One problem with present location-based services is determining which content to provide to users, because the determination needs to be made on a user by user basis. Take for example the scenario where a user is provided with a list of individuals, groups and businesses within a half-mile radius of the user's present location. The wireless network needs to determine the user's location, and then generate a corresponding list of individuals, groups and businesses for the user. The network needs to compare the user's location with all of the individuals, groups and businesses on the wireless network to determine which are located within the user's vicinity. This process needs to be repeated for every user of the network. For a large network with thousands or millions of users, the processing needed to determine the content for each user may place a large burden on the network. Thus, it would be desirable to identify location-based services content for users in a more efficient manner.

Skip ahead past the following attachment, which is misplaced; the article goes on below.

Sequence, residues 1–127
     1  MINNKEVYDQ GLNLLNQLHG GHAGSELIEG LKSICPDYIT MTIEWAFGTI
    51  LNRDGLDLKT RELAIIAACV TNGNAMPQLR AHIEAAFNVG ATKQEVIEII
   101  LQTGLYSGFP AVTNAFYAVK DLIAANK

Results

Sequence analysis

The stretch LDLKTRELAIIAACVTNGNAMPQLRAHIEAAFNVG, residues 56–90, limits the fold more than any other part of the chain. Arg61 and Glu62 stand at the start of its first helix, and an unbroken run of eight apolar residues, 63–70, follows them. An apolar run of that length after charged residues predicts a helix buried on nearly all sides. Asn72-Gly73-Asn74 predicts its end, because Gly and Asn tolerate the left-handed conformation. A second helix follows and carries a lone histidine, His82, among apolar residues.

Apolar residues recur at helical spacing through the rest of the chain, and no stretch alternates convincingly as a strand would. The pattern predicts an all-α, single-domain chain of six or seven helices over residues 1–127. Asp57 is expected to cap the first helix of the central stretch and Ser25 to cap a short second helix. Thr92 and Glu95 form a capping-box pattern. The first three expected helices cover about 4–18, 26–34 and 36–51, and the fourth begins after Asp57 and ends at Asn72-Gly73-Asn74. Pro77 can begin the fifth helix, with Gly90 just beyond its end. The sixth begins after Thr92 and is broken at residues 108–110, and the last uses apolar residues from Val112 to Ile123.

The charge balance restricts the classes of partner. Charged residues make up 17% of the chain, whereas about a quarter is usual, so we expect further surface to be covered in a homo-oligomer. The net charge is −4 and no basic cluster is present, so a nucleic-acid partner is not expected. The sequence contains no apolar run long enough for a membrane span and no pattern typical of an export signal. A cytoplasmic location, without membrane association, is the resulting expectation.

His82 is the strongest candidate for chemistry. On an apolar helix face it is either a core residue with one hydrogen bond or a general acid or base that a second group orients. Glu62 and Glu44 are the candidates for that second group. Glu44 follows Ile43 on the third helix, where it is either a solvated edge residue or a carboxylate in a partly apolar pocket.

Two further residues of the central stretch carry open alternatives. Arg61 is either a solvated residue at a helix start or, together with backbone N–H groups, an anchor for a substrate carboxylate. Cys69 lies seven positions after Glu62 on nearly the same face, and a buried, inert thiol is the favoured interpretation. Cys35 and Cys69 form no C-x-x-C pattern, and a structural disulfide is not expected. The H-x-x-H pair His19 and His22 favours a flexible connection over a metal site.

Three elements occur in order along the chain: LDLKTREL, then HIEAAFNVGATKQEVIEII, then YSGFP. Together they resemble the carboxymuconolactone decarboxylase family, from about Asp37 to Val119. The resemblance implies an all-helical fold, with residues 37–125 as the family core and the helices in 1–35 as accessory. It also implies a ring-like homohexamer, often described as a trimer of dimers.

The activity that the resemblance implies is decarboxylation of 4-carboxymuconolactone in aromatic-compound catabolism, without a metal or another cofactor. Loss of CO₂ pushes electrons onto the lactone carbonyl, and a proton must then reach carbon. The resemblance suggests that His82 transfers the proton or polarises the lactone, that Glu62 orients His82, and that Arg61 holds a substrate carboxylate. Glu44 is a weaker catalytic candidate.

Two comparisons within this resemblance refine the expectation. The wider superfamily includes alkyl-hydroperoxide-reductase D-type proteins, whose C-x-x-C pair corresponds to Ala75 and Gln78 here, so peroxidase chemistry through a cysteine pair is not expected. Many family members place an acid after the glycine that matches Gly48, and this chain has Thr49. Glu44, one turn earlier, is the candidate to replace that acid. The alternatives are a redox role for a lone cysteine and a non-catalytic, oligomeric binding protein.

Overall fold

SUMMARY OF THE SOLUTION

The invention solves the above problems and other problems by defining a plurality of service zones within a wireless network for providing location-based services and for providing common content to users located within a particular service zone. Advantageously, the wireless network no longer needs to maintain and generate separate content for each user of the wireless network. Rather, the wireless network only needs to generate common content for each service zone, and provide the common content to the users located within the corresponding service zone. This saves processing time and resources in the generation of the location-based services as well as bandwidth savings, because content may now be broadcast to groups of users rather than transmitting individualized content to each individual user.